continuing from part 1
my scenic Bangladesh
yes, the bus ride to kushtia is grueling and tiring, but no way near boring. in a country of poets and music-lovers, you can well expect to find a good number of them in a group of sixty. throughout the ride, we are showered with live in-house entertainment of songs, poem recitations (including self composed), and jokes among many others. we have a historian on board, so we are even lucky enough to have lectures briefing us on the historical heritage of every area we are passing through. this includes the famous 'chalan bil', the largest wetland of the country, which cover 368 sqkm continuous sheet of water in the rainy season. other notable points of interest on the way are the jamuna bridge and the picturesque natore countryside, home to the famous banalata sen of poet Jibonanda Das.
laloner majar and robindronather kutibari
lalon's majar (tomb) is on the way to our lunch-place, so we decide to drop in. baul is a type of traditional folk music with a spiritual touch, and lalon to baul is as elvis presley to pop. the place is not just a simple tomb as the name suggest, rather i find there a huge complex housing a music (baul) school, an impressive auditorium, and home to well decorated graves of many of his companions and followers, including his wife. there are also many souvenir shops outside selling all sorts of stuffs (including pipes for smoking pot - which often goes hand in hand with baul music). a local proverb says 'even sweet words sound bitter when the stomach is empty'. so i am not too sad spending merely 15 minutes at a place like this, where otherwise i would probably laze a whole evening away.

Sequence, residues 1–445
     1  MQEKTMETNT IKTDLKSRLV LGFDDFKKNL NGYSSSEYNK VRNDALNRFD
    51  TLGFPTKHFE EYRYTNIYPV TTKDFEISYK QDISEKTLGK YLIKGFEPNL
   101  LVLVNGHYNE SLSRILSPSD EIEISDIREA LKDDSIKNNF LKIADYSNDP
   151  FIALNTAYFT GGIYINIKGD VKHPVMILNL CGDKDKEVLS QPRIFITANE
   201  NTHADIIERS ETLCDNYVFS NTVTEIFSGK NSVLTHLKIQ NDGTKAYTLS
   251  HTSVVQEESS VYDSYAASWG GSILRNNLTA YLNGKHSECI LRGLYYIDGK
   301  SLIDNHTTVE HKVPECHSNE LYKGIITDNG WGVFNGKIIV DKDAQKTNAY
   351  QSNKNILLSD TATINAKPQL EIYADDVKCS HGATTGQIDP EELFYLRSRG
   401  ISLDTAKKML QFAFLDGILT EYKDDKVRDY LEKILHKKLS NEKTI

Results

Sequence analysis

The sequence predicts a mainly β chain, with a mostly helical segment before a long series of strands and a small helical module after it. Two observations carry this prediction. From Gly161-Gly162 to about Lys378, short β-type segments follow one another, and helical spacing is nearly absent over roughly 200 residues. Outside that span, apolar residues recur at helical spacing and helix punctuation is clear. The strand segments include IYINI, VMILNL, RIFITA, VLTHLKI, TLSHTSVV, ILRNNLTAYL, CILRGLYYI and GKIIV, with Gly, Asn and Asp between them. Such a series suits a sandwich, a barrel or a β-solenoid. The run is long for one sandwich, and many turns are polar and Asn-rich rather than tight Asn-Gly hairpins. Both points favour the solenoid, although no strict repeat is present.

our last point of interest in kushtia is tagore's kutibari (resthouse) in the banks of river padma. the resthouse itself is now a mini bungalow-turned-into a very poorly maintained museum. yet it surely is the biggest attraction of kushtia, as i see hundreds of tourist and picnic-goers hanging around. people are gathered here and there in groups and i find last breath of smoke from make-shift stoves and maids lazily cleaning dishes. there are even a few small cottages up for rent around the place. with a tight schedule to meet, we are brisked away back into the bus before we get to absorb the air and dissolve ourselves into the atmosphere. but then something is always better than nothing.
this is the end of the study tour, but two other friends, myself and a stranger decide to spend the next two days exploring dinajpur in northern part of bangladesh. we bid farewell to the rest and separate ways at nine pm, which is dead night for this remote part of highway from where we are to catch the next bus.
[to be continued]